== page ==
Matriarchy - Return To Balance

Matriarchy - Return To Balance

Recently the theme of my columns seem to reflect Women Issues - The Creational Goddesses - The Earth Mother who created the Universe - Luna Energies - The Return of Feminine Energies to restore balance to our DNA and ourselves. This is the true journey back into the feminine energies.

Consciousness - originated in higher frequency - descended through the fibonacci spiral. As it did we entered the Patriarchal Societies - dominated by male Games or lower frequency emotions - testosterone - war, anger, hatred, jealous, greed, fear, etc. Feminine energies are usually thought of as soft, loving, yielding, nurturing, and, above all, compassionate. How much we seek love, compassion and understanding from those around us. We seek to find a partner who is there 'for us' and considers us the most important person in their lives.

This energy has remained with us for a long time - not allowing us to be who we are as spiritual beings able to manifest and see through the vowels of illusion.

Archaeological excavations in Europe and West Asia have uncovered female figurines from as early as 30,000 years ago. Based on these images, women have revived the earth goddess in religions that borrow from many traditions and that create an alternative mythology of peaceful matriarchal societies.

Some people write that for approximately the past 13,000 years - this is based on the Precession of the Equinoxes - Age of Leo - The Lion - The Crown - The King. This is shifting to the feminine frequencies in the Age of Aquarius.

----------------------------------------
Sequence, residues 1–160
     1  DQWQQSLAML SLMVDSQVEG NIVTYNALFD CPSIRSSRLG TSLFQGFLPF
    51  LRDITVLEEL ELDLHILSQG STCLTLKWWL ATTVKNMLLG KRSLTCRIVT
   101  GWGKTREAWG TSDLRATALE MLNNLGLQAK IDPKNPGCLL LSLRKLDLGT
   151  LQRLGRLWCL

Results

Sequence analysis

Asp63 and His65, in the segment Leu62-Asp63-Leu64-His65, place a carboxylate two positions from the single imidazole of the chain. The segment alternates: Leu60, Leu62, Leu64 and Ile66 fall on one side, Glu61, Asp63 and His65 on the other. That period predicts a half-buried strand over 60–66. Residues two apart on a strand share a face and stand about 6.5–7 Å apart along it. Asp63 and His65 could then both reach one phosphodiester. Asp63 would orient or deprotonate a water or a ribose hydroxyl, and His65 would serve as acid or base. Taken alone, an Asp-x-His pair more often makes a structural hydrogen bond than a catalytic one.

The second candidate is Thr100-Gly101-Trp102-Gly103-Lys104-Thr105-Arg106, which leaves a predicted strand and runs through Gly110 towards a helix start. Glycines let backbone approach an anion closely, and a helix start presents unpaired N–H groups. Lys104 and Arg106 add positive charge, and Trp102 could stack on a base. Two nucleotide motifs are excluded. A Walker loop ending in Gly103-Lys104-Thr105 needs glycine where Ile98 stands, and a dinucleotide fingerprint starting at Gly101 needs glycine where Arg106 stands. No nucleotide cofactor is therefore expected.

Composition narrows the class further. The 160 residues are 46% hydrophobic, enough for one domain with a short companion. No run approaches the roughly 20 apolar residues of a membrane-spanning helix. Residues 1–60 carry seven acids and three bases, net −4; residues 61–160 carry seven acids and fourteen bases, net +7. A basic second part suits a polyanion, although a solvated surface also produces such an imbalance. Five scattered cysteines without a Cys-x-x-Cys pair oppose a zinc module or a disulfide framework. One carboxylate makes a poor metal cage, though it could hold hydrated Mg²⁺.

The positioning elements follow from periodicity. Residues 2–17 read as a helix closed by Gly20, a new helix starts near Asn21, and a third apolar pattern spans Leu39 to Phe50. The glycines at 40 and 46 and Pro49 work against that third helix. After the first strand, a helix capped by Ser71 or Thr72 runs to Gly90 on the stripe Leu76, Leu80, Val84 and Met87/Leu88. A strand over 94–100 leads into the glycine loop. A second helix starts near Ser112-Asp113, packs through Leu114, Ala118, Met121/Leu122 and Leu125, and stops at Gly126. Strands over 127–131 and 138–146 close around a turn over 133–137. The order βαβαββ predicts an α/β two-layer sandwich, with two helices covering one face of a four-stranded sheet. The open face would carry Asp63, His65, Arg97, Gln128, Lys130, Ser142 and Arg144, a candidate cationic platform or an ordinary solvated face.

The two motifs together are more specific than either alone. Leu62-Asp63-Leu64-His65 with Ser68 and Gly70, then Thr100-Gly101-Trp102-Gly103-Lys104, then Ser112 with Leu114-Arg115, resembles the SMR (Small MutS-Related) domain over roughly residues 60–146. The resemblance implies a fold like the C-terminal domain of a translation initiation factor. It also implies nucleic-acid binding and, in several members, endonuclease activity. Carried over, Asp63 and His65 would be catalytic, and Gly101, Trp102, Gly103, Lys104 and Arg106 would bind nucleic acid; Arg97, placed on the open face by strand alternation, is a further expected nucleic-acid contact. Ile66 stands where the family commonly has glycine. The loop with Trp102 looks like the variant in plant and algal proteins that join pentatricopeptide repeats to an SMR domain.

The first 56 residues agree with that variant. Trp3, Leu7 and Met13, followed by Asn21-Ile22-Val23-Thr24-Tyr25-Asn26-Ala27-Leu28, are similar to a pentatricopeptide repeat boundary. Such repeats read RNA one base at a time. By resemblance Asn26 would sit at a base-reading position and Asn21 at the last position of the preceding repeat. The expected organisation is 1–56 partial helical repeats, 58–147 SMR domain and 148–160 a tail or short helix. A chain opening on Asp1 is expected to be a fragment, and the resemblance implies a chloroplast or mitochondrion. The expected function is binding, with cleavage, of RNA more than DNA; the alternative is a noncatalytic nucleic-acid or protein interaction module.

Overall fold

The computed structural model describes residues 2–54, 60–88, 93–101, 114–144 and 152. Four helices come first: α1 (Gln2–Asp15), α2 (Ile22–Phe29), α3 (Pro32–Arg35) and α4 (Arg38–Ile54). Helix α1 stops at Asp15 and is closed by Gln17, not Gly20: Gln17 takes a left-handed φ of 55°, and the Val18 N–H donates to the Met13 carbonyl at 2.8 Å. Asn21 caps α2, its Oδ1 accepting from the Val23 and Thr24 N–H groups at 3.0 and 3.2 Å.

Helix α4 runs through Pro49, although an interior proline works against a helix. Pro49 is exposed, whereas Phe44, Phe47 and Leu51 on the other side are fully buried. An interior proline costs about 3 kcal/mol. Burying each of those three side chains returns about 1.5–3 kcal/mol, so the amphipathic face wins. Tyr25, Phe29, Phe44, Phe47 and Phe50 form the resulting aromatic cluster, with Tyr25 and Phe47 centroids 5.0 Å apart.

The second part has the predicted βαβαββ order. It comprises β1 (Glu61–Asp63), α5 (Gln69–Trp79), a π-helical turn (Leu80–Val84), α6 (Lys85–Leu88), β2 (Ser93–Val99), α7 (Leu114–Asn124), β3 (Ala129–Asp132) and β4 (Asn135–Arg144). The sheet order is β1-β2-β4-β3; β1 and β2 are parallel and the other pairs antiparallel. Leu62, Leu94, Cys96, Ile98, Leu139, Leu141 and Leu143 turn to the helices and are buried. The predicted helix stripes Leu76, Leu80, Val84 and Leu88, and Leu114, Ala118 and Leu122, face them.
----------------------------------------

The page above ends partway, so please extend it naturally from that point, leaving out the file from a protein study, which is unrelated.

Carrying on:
The Aquarian Age is an age meant to reconcile ancient dichotomies, to integrate male and female energies, and to coordinate heart and mind and right and left hemispheres of the brain. Wherever polarities exist, we have an opportunity to raise consciousness and find a higher perspective from which to view life-a more balanced position, if you will.

In the last era of equality, male and female powers were of equal importance. Just as in our time we see masculine force misused, evidence is that at a certain time in the past, woman over-reached her power. We recall the swing of the pendulum, as we create an age of enlightenment in the Aquarian era. We work today to recreate appreciation for the feminine that is to express through both the male and the female body form and personality.

The symbol of the moon with two faces touching, blending, becoming one. Cosmic sexuality is the power of attraction that pulls both active and receptive into the game of life. Life is maintained in harmony only so long as each element or being dances and dips in time with its partner.

To be positively feminine, a woman cannot be anti-male, nor can a true man be anti-woman. The time is approaching when these opposites will admire and honor, embrace and enjoy one another, and value their differences. Then will follow an age of peace and harmony and the wise use of creative powers.

In the physical world - we work with the slower moving frequencies - the lower chakras which are often referred to as male chakras.

As each of us raises our frequencies - which now vibrate faster - we move our conscious awareness into what is the called the feminine aspects of who we are - the higher chakras - heart, throat, third eye, crown, and above.

There is an association with lost civilizations linked to higher frequencies such as Atlantis.

When discussing the Matriarchal Societies we often find information that leads back to Atlantis - Isis and Osiris and other metaphors that help us remember what is happening now - we are spiraling back up the consciousness tree of life!

Some people consider this the time of the return of the Matriarchal Societies as most of the people live in a Patriarchal Society dominated by male energy.